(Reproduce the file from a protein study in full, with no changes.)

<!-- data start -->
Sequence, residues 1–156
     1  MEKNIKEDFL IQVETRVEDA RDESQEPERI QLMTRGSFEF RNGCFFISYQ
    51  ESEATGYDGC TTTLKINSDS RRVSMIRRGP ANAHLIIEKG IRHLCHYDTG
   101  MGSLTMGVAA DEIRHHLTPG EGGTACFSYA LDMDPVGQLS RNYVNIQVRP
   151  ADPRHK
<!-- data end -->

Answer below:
Sequence, residues 1–156
     1  MEKNIKEDFL IQVETRVEDA RDESQEPERI QLMTRGSFEF RNGCFFISYQ
    51  ESEATGYDGC TTTLKINSDS RRVSMIRRGP ANAHLIIEKG IRHLCHYDTG
   101  MGSLTMGVAA DEIRHHLTPG EGGTACFSYA LDMDPVGQLS RNYVNIQVRP
   151  ADPRHK